ERIC Number: ED333081
Record Type: RIE
Publication Date: 1991-Apr
Reference Count: N/A
Building Sociocentric Classrooms: What Ethnic Minorities Can Teach Us.
This paper discusses an analysis of adult-child social interactions to discover which instructional stimuli are effective in producing a classroom milieu rich in storytelling events. Ten fifth-grade students with low reading scores, eight black and two white, were tape-recorded over 8 weeks as they created stories in their journals and in classroom interactions in response to literature, to their own experiences, to the experiences of others, and to the teacher's questions. Out of 286 stories recorded, 156 were oral and spontaneous, 36 were spontaneous, but with an embedded narrative incident, and 101 were written in the form of books, poem-stories, or journal entries. Student stories were most often told in response to other students' stories, and the storytelling had a cumulative, reciprocal effect as students borrowed features from one another's stories. Teacher questioning about literature, writing, and storytelling was the second most productive stimulus for storytelling. To encourage what was believed to be the more relational learning style of black children, the children's narratives were allowed to flow conversationally whenever they arose during the story hour. Minority students have a great deal to contribute to the language development of nonminority students, and pedagogic strategies should be revised to build on rather than exclude cultural differences. Eight references are appended. (CJS)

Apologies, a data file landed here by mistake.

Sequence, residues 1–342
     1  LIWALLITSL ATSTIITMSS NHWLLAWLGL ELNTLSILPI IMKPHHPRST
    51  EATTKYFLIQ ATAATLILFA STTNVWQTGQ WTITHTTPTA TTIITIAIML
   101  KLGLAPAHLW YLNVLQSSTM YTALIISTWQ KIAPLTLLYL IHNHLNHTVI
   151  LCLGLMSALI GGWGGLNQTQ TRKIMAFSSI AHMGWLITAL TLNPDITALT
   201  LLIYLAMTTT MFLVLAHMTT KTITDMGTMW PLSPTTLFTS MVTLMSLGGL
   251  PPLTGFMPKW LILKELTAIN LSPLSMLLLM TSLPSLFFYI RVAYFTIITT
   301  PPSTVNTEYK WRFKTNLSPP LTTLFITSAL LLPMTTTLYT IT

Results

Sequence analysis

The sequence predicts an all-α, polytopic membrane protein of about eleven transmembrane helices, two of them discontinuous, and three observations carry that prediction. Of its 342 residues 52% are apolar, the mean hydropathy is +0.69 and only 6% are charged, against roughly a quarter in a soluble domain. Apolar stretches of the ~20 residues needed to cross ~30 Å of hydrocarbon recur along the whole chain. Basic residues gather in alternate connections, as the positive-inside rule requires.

Publication Type: Reports - Research; Speeches/Meeting Papers
Education Level: N/A
Authoring Institution: N/A
Identifiers: North Carolina
Note: Paper presented at the Annual Meeting of the American Educational Research Association (Chicago, IL, April, 1990).